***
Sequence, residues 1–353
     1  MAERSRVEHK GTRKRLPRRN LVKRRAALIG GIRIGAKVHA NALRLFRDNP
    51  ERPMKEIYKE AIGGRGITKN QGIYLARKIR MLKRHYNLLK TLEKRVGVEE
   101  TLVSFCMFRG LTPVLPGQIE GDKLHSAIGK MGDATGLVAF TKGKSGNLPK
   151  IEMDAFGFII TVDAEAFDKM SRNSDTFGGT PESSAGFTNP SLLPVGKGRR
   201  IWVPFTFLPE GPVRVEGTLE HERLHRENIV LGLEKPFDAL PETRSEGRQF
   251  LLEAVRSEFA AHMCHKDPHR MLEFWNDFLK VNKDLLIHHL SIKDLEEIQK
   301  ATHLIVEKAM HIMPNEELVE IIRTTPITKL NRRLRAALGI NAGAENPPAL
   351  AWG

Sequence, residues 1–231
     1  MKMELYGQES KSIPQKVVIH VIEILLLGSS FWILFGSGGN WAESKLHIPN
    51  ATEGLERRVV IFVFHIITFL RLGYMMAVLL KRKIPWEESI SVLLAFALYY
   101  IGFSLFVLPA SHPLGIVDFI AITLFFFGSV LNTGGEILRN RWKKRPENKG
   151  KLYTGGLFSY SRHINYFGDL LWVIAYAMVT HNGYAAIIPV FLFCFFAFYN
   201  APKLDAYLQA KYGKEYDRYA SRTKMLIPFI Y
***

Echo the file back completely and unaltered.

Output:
Sequence, residues 1–353
     1  MAERSRVEHK GTRKRLPRRN LVKRRAALIG GIRIGAKVHA NALRLFRDNP
    51  ERPMKEIYKE AIGGRGITKN QGIYLARKIR MLKRHYNLLK TLEKRVGVEE
   101  TLVSFCMFRG LTPVLPGQIE GDKLHSAIGK MGDATGLVAF TKGKSGNLPK
   151  IEMDAFGFII TVDAEAFDKM SRNSDTFGGT PESSAGFTNP SLLPVGKGRR
   201  IWVPFTFLPE GPVRVEGTLE HERLHRENIV LGLEKPFDAL PETRSEGRQF
   251  LLEAVRSEFA AHMCHKDPHR MLEFWNDFLK VNKDLLIHHL SIKDLEEIQK
   301  ATHLIVEKAM HIMPNEELVE IIRTTPITKL NRRLRAALGI NAGAENPPAL
   351  AWG

Sequence, residues 1–231
     1  MKMELYGQES KSIPQKVVIH VIEILLLGSS FWILFGSGGN WAESKLHIPN
    51  ATEGLERRVV IFVFHIITFL RLGYMMAVLL KRKIPWEESI SVLLAFALYY
   101  IGFSLFVLPA SHPLGIVDFI AITLFFFGSV LNTGGEILRN RWKKRPENKG
   151  KLYTGGLFSY SRHINYFGDL LWVIAYAMVT HNGYAAIIPV FLFCFFAFYN
   201  APKLDAYLQA KYGKEYDRYA SRTKMLIPFI Y